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The Master was surprisingly tall for a Chinese man.

Bryan was being made painfully conscious of this fact by the hands on his ankles, which were holding his feet effortlessly in the air.

They were deep in the woods, he and the Master, ankle-deep into the lake.

Well, the Master was standing ankle-deep in the lake. Bryan was waist-deep. Upside down. In the lake.

Bryan was a decent swimmer. He had proved in the past that he could swim without the use of his legs. Swimming with his legs fixed in place several feet above his head, however, was a different matter. At the moment he was gamely trying to avoid drowning, but the Master's inexorable hold on his legs prevented him from moving forward, and his basic anatomical structure prevented him from pushing his head above water. They looked like those racers you got at picnics, where one was running forward on his hands because the other had grabbed his legs and was pushing him forward like a wheelbarrow. The only difference was the presence of several feet of water. No matter how much Bryan flailed upwards, his body just didn't bend that far without his spine breaking.

"I know what you're thinking," the Master was saying, voice even, "You're thinking, 'Is this old geezer trying to kill me?' And the answer is no, Bryan; no, I'm not. I'm not trying to kill you. Worthless people kill themselves. I'm just speeding up the process."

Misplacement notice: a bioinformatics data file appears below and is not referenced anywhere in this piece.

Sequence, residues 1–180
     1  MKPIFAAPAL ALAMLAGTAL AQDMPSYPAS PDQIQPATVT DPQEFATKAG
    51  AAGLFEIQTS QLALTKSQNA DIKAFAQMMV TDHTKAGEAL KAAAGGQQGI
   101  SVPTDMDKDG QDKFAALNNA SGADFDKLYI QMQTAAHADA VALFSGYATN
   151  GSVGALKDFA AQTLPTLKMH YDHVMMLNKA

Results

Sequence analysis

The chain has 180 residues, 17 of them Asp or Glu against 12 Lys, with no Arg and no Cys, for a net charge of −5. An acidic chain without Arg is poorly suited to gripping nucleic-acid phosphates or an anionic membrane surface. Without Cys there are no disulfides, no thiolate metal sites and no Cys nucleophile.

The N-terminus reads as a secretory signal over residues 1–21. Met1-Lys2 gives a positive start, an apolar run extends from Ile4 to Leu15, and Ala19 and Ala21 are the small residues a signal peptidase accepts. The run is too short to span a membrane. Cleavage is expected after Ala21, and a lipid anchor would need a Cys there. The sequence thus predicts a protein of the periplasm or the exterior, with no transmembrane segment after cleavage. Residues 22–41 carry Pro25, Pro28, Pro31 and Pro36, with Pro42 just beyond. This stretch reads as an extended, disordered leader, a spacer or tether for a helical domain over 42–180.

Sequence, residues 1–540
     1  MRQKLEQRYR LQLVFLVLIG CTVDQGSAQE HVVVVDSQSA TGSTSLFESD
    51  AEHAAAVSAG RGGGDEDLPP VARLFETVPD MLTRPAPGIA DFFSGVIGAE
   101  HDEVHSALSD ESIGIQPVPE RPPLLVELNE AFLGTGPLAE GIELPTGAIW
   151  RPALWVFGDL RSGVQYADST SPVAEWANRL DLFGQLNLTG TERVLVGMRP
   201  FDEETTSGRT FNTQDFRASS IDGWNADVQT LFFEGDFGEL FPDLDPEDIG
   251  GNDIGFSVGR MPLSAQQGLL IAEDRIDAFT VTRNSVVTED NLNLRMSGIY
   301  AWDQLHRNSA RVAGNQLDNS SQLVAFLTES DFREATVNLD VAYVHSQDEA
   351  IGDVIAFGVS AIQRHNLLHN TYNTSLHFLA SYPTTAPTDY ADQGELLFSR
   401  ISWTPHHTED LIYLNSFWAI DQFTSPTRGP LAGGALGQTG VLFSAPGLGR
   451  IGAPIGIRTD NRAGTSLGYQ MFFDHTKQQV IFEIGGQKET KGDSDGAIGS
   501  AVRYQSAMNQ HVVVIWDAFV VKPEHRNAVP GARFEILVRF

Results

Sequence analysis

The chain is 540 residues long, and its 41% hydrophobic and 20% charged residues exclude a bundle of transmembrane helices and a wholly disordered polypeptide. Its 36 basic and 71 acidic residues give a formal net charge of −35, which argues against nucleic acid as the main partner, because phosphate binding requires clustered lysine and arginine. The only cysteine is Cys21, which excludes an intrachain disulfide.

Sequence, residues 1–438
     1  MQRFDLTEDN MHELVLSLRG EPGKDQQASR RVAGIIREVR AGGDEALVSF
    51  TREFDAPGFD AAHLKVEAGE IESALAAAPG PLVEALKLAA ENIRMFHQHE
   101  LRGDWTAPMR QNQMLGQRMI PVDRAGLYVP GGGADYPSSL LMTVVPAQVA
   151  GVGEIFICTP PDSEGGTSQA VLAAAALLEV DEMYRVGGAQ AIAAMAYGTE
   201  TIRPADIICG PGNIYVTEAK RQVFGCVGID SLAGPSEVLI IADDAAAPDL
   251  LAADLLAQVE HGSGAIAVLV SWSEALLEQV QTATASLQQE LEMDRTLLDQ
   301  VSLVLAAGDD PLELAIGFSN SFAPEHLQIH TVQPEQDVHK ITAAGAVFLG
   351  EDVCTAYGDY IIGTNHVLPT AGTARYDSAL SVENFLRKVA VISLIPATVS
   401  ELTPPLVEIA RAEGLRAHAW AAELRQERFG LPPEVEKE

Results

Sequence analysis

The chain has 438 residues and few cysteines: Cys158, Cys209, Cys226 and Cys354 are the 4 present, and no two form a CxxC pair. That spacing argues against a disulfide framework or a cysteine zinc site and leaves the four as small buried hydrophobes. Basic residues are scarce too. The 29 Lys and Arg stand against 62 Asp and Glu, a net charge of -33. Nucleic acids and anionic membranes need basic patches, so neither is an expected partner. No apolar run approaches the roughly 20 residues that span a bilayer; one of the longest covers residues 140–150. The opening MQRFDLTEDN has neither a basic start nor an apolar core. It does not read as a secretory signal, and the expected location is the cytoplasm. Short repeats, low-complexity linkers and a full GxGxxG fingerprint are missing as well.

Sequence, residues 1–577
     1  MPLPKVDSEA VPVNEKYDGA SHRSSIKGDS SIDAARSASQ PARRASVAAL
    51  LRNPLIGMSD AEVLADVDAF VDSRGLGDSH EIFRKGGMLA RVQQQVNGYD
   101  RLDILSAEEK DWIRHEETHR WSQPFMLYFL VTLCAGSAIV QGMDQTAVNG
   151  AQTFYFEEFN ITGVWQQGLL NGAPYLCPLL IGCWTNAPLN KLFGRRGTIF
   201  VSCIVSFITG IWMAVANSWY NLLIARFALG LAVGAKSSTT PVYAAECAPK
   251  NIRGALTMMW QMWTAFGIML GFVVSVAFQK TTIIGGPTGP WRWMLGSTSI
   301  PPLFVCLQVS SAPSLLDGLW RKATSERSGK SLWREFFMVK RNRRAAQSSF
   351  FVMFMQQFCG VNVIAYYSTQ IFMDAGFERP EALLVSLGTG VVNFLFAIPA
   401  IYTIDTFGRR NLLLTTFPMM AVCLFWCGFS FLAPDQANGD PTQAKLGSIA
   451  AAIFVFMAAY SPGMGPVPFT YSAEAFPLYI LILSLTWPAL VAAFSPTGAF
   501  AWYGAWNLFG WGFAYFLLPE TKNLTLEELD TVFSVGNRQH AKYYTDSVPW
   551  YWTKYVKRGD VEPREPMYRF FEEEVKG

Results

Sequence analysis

Bryan went still.

Without his desperate paddling to deal with, the current was able to drag Bryan's shoulders back, so his body formed a straight line, so his head was even deeper than before. (He's serious about this, he's really going to hold me like this until I manage some kind of miracle or die, Bryan thought hollowly, although that should have been the least of his worries.) From this position though, Bryan suddenly realized, if he pushed himself in the opposite direction, towards the Master, he might actually be able to pull himself up, gym-style.

Easier said than done, but the living body prefers to stay that way, thank you, and finally, clinging desperately to the backs of his own knees, Bryan managed to break the surface of the water, bent awkwardly at the waist, curled around himself like a fetus. He expected the Master to drop him back in, possibly hold his head under for good measure, but instead the Master let him back on solid ground (thank the gods) and held him up while he choked up water and possibly a few fish.

The drive back to civilization was silent and a bit damp. Petty Road. Maple Ave.

Friendship Lane had no houses on it, just miles of empty farmland that had been left fallow too long. The Master appreciated the irony and drove down it frequently.

They passed a barn with no roof and a bulldozer with a bright pink smiley face spray-painted onto its shovel. Finally, as they turned onto Canal Road, Bryan gathered the courage to speak. "I'm not worthless, you know," he said, eyes raised defiantly though his voice was still weak.

"I know," said the Master refuting Bryan's argument with a few brief words and a calm tone of voice. "You proved it when you refused to die."

A few days later, the Master completed his next painting: a young boy bent double by a clear lake, soaking wet and gasping for air. People thought it was a rather unpleasant piece, but the Master was proud of it, and so was Bryan. After all, Bryan had been that young boy. The only difference was that the boy in the painting was alone, while he had had the Master there by his side.


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June 2012

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